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Feds tell jury Democrat-backed lawyer Michael Sussmann used FBI as ‘a political pawn’

Prosecutors told the jury that “we are here because the FBI is our institution – it should not be used as a political tool for anyone.”

WASHINGTON (CN) — “This case is about the privilege of a well-connected D.C. lawyer,” federal prosecutors told jurors on Tuesday during opening arguments in Trump-era special counsel John Durham’s case against Democrat-linked lawyer Michael Sussmann. 

Painting Sussmann as the mastermind behind a lie “designed to inject the FBI into a presidential election,” U.S. Attorney Brittain Shaw told a federal jury in Washington, D.C., that he falsely stated that he was not representing any clients when he met with then-FBI General Counsel James Baker in 2016 and provided him with data files allegedly containing evidence of secret communications between then-presidential candidate Donald Trump and Russia’s Alfa Bank. 

“Many people have strong feelings about Donald Trump and Hillary Clinton, but we are not here because [of] these … allegations involved either,” she said. “We are here because the FBI is our institution — it should not be used as a political tool for anyone.”

The prosecutor said Sussmann told the FBI’s top lawyer at the time that he was bringing information “not on behalf of any client,” but as a good citizen. But she said that’s a lie because it was his “golden opportunity to deliver a big win” for not just one client, but two: Hillary Clinton’s 2020 presidential campaign and cybersecurity expert Rodney Joffe.

At the time, she said Sussmann was a partner at Perkins Coie, where he was serving as counsel for the Hillary Clinton campaign in litigation related to Russian hacking groups’ accessing Democratic National Committee computer servers. And the Democrat-linked law firm hired opposition research company Fusion GPS to “find dirty stuff” on Trump and instructed Joffe to do the same. 

Once Joffe compiled data allegedly showing abnormal internet communications between the Trump organization and Russian-backed Alfa Bank, Shaw said they leaked it to a New York Times reporter with the “hope and expectation” that it would run as a story. 

But the reporter decided not to run the story right away, and Shaw said that’s when Sussmann texted “his friend Baker on his personal cell phone” that he urgently needed to share “sensitive” information with the FBI “not on behalf of a client or company,” and that he “want[s] to help the Bureau.”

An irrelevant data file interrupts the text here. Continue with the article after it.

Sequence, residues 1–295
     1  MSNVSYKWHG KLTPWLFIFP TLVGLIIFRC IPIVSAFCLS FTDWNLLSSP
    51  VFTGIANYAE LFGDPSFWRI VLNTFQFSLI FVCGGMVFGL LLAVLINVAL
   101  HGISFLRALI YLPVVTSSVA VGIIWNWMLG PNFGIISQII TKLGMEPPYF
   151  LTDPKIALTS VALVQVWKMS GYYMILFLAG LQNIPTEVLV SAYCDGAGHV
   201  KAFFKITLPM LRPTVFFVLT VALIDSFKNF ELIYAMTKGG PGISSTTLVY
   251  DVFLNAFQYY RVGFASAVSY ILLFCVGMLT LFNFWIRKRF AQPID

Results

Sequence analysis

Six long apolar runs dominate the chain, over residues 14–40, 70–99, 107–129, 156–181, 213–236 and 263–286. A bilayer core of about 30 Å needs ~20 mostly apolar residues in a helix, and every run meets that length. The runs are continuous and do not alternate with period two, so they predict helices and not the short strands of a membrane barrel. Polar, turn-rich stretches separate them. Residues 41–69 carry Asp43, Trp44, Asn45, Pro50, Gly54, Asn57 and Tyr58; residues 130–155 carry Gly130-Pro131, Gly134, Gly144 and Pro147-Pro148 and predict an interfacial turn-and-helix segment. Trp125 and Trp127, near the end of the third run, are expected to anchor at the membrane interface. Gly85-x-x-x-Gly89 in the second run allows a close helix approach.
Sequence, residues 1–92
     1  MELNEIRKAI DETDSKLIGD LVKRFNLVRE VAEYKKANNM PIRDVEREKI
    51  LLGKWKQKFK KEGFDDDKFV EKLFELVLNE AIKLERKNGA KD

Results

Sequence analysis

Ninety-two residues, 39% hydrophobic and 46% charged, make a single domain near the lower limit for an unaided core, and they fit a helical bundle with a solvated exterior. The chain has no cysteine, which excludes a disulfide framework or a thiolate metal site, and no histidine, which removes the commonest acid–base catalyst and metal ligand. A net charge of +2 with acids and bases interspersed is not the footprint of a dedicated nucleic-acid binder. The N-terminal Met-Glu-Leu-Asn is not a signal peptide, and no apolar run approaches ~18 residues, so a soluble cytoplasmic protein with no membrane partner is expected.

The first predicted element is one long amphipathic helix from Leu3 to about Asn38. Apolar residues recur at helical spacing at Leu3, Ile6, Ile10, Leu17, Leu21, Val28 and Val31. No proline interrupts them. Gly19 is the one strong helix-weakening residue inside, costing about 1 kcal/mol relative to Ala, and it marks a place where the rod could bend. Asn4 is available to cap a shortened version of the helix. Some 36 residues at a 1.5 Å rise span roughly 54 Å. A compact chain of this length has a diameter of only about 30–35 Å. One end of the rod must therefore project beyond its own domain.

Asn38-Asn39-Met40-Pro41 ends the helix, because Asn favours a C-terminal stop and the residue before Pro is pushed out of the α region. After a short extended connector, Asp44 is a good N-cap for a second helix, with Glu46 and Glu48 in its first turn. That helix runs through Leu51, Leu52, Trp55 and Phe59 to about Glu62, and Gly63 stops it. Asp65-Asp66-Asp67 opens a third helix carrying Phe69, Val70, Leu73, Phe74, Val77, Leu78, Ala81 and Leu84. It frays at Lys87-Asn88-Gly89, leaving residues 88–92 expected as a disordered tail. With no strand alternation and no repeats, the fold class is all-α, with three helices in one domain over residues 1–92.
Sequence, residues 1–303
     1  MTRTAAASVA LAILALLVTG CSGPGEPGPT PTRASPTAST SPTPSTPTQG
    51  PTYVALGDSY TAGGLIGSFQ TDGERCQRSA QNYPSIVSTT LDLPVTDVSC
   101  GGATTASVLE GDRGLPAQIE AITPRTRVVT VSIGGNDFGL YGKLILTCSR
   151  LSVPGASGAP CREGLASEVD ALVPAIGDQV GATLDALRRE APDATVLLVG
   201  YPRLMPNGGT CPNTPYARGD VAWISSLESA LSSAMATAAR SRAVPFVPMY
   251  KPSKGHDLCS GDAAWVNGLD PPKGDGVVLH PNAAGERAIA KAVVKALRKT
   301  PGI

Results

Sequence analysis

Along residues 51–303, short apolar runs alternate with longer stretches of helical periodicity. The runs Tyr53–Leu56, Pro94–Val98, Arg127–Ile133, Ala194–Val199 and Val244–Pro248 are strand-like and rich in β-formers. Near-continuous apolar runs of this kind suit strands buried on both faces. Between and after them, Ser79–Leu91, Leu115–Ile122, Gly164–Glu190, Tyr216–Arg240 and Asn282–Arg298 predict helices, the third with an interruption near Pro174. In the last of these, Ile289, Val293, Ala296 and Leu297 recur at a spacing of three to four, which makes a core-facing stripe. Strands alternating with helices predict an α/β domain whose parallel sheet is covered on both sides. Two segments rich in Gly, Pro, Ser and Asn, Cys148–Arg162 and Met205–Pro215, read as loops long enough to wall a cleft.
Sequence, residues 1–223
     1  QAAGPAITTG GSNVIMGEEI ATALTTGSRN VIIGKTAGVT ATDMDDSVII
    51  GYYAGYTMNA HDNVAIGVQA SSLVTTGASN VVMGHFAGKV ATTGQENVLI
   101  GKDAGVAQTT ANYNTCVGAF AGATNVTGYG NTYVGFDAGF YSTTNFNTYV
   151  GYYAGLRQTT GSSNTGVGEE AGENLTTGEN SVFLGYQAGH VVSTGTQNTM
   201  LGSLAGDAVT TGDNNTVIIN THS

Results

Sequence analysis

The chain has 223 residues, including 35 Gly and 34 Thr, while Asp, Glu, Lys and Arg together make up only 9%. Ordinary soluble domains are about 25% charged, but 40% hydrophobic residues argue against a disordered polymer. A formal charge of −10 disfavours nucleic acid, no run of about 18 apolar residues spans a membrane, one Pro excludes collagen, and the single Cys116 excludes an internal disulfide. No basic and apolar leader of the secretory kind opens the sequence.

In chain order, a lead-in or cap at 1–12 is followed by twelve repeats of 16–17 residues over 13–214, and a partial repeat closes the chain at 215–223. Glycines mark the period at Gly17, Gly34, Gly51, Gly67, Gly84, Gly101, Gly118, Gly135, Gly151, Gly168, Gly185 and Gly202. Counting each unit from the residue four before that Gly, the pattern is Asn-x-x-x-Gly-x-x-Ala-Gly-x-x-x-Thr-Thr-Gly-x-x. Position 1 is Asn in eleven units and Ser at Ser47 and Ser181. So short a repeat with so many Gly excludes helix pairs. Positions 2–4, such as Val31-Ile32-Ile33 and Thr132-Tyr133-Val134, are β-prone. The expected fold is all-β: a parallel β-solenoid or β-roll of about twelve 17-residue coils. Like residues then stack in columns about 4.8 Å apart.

Sussmann knew if he told the FBI he was representing a political candidate at the time — weeks before the election — the bureau “might not meet with him right away, let alone open up an investigation,” she said. 

He misled an FBI official into thinking he was a good citizen, so that the bureau would use its resources to figure out that the alleged Trump-Alfa internet communications came from a spam email server and were not a national security issue, she said. 

“No one should be so privileged as to have the ability to walk into the FBI and lie for political reasons,” she said. “The FBI should never be used as a political pawn.”

Meanwhile, defense attorney Michael Bosworth tried to convince jurors that Sussmann, not the bureau, was the victim.

Bosworth said Sussmann received the Trump-Alfa tip from Joffe at a time when questions were swirling about Trump’s links to Russia so he “took it seriously.”  

“The plan from the start was to go public with serious information,” he said. 

But Sussmann worked as a cybersecurity attorney for the Justice Department for 12 years, and if he had not “worked a long career with the FBI and didn’t care about the FBI — we wouldn’t be here,” Bosworth said. 

Sussmann told the FBI so they would not be “caught by surprise” and the bureau “effectively shut down” the NYT story by asking the news outlet to hold off on publishing, which is the “exact opposite of what the Clinton campaign would’ve wanted.” 

The Clinton campaign, Bosworth said, would have wanted “a big story that hurts Trump and helps them.” 

“The government’s theory doesn’t make sense. The evidence will not support this charge,” he said. 

And while prosecutors claim Sussmann was hiding his political affiliations, Bosworth insisted the fact that Sussmann was working as an attorney for the DNC and the Clinton campaign was “out and about, loud and clear for everyone to see.” 

He told jurors to judge the FBI by “what they did — not by what they’re saying now.” 

“This case is an injustice and I suspect when all of the evidence is in, you will agree,” the defense counsel said. 

The jury also heard from three witnesses, including an FBI Special Agent who reviewed the Trump-Alfa data and said he was frustrated that Baker would not tell him who provided it and that he “thought that the data and the narrative had some questionable motives.” 

Hellman said it appeared the person who drafted one of the data documents “was suffering from some mental disability.” The FBI determined that the data did not support any Trump-Russia collusion claims. 

Prosecutors are also expected to call Baker, former Perkins Coie attorney Marc Elias and Justice Department Inspector General Michael Horowitz as witnesses during the trial, which is expected to resume on Wednesday with testimony from Perkins Coie attorney Debbie Fine. 

Sussmann has pleaded not guilty to a single charge of making a false statement to the FBI. His attorneys asked U.S. District Judge Christopher Cooper to dismiss the case in March, but he allowed it to proceed to trial.     

Sussmann resigned from his position at law firm Perkins Coie after being indicted last September. If convicted, he faces up to five years behind bars.  

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